Despite the seemingly eternal wrangling of some couples when undergoing relationship breakdown, in most cases, the actual divorce, or ending of the marriage, is a fairly straightforward process. When newspaper journalists report on high-profile divorces that have taken years to settle, they are usually talking about other issues relating to divorce, rather than the ending of legal ties.
So, what actually happens in divorce?
There are three basic issues to be settled when a couple decide to formally end their marriage or civil partnership. These are; dissolving the legal union between the spouses, making sure that any children involved are going to be looked after, and sorting out the finances.
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Dissolving the legal relationship – When a couple enters into marriage or civil partnership, they are undertaking a solemn legal contract which binds them to each other in the eyes of the law. A divorce, or civil-partnership dissolution, ends this legal relationship. Even if spouses live apart for a number of years, unless they undergo divorce they will still be joined in the eyes of the law. Once the union has been formally dissolved, with the granting of a decree absolute by the family court, the spouses are then free to remarry – and not before. To apply for a divorce/dissolution/judicial separation one spouse must fill in a form D8.
Arrangements for children – If the spouses have children, the court will want to be assured of their welfare before the divorce can be ratified. When the petitioner files for divorce they will need to complete form D8A – Statement of arrangements for children. This will give details of where the children will live on a day-to-day basis, i.e which parent will have residency, and how much time the non-resident parent will have with the children (contact).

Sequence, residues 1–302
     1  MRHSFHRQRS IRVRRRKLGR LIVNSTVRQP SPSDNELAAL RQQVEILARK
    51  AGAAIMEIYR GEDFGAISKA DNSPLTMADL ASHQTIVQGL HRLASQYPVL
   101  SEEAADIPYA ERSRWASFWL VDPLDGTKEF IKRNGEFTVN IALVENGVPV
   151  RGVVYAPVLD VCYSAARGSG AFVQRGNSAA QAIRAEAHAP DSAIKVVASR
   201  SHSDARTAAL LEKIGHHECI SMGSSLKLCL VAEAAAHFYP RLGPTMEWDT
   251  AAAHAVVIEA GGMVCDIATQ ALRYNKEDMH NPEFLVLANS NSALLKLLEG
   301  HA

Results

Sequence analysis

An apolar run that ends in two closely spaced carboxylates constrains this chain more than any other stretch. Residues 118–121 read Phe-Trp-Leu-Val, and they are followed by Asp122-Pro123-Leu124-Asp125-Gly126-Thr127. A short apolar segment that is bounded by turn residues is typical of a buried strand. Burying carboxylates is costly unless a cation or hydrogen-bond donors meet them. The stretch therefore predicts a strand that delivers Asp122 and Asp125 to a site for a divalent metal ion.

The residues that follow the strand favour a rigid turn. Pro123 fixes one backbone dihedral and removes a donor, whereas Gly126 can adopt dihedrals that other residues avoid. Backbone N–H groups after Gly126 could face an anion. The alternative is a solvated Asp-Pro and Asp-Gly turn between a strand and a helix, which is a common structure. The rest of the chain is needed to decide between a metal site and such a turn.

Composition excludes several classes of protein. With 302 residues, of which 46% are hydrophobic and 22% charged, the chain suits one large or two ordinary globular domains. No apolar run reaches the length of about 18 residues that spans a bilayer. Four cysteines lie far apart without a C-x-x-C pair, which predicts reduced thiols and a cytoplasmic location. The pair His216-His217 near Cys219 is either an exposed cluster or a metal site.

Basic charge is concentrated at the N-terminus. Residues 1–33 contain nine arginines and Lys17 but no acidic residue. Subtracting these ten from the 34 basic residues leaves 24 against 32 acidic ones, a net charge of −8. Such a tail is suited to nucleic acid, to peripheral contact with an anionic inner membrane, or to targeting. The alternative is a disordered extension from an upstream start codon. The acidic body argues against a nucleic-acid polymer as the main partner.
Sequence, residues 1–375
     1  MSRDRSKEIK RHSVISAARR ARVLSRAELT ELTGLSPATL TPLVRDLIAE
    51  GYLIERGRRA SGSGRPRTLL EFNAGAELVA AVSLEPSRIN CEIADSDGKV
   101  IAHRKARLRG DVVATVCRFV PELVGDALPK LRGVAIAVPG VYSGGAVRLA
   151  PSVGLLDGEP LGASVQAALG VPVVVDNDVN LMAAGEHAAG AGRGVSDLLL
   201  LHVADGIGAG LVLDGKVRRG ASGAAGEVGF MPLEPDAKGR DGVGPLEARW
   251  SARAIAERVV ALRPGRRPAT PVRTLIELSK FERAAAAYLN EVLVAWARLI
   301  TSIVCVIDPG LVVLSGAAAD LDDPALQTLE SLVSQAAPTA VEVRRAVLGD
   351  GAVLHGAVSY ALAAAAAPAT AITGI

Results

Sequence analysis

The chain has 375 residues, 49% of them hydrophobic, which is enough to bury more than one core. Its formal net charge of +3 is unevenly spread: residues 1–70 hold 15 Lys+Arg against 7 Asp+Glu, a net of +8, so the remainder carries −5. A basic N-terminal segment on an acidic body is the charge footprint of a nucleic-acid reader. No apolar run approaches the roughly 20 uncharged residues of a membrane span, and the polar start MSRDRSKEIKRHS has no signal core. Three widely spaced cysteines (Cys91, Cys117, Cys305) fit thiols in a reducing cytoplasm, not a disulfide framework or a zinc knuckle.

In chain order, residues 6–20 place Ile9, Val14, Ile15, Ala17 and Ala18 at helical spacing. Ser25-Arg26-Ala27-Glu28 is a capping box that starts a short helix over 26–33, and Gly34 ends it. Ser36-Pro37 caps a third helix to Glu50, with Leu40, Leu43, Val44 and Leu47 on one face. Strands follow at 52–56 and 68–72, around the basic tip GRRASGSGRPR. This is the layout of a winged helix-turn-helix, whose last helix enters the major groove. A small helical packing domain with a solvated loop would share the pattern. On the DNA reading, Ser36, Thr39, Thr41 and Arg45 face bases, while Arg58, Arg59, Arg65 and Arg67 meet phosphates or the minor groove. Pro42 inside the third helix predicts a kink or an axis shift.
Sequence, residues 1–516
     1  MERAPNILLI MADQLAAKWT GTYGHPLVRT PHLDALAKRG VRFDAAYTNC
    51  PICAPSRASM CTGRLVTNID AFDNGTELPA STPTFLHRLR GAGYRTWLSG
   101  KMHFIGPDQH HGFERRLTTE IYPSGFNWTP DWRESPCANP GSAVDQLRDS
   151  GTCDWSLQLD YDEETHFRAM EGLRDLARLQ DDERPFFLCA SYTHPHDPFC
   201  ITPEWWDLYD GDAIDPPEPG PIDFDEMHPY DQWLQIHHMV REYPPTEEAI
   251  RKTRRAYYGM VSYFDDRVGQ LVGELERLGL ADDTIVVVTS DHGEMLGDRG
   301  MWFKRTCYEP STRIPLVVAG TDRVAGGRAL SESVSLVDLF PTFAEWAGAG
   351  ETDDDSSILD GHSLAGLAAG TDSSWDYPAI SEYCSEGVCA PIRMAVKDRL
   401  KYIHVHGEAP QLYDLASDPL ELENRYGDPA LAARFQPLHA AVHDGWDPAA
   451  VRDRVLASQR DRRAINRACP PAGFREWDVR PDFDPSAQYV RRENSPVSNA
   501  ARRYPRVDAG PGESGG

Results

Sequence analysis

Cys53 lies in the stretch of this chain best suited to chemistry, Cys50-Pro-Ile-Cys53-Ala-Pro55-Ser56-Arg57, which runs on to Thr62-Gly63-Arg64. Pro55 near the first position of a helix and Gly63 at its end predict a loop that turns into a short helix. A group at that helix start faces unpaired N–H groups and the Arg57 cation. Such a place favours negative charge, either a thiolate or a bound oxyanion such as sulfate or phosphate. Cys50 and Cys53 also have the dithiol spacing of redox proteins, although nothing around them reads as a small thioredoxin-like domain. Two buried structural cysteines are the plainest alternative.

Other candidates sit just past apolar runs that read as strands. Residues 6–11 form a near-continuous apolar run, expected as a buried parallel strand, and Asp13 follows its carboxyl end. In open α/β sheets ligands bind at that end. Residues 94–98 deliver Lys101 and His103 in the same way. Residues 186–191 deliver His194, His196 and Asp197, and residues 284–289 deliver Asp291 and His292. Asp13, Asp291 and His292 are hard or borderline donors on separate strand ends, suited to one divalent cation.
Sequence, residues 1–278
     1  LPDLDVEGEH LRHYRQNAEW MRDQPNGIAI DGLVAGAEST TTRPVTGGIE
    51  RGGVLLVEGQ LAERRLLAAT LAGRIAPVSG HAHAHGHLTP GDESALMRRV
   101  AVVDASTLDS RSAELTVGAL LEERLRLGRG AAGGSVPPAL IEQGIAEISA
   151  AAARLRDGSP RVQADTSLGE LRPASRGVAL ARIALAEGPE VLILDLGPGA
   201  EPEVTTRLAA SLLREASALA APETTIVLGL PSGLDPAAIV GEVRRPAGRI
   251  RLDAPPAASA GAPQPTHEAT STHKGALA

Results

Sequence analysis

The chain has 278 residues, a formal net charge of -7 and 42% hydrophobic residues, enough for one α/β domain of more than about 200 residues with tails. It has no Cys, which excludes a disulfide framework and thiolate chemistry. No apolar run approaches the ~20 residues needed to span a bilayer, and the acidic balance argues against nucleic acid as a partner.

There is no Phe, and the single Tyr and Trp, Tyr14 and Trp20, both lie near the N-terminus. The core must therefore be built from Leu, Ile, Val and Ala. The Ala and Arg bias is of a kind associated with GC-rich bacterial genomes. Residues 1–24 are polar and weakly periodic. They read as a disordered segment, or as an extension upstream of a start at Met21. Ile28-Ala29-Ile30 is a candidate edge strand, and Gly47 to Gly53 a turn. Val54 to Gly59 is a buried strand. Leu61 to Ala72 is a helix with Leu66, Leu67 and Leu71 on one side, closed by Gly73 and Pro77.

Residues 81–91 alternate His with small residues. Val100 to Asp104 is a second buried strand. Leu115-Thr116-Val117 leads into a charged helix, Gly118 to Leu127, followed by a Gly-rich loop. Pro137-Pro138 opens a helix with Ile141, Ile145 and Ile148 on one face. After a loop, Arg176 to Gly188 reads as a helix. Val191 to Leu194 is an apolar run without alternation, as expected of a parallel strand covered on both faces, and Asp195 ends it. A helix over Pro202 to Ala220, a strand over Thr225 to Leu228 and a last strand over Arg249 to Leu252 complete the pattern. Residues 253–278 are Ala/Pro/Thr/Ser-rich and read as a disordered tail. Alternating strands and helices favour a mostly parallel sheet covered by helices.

It is always a good idea to try to reach agreement about the arrangements before applying for a divorce. If the respondent to the divorce petition (the other spouse) does not agree with the stated arrangements, the court may require the spouses to seek mediation. If this is unsuccessful the parties may make applications to the court for residence or contact orders.
Financial settlement – For many couples, the financial arrangements can be the most contentious issue and may take much longer to resolve than the actual dissolution of the marriage.
Form D8A asks questions about maintenance for children and, once again, it is always preferable to try to agree how much will be paid in child maintenance prior to making an application for divorce – this is known as a family-based arrangement. If the spouses cannot agree, the court will require an application to be made through the Child Maintenance Service (formerly Child Support Agency).
Dividing up the family finances and sharing assets such as the house, savings and pension pot, will need careful consideration. If the spouses cannot agree a suitable financial settlement on divorce, the courts will expect them to attend a MIAM (mediation information and assessment meeting) with a view to resolving the dispute without the need for a court hearing. If agreement cannot be reached, an application can be made to the court for a financial order.
It is highly recommended that spouses involved in negotiating a financial settlement seek the advice and representation of an experienced divorce solicitor so that their best interests can be upheld in a divorce financial settlement.
Do you need to speak to a divorce solicitor?
Healys’ divorce solicitors in London and Brighton can help you if you are seeking a divorce or have been served with a divorce petition. We provide representation for clients across the south of England and will be happy to discuss your circumstances on a no-obligation basis.
Our many years of experience as specialist family lawyers means that we understand the difficulties of relationship breakdown and we offer a sensitive, yet pragmatic service to provide comprehensive divorce legal advice and guidance.
Call our offices today or email the team at email@example.com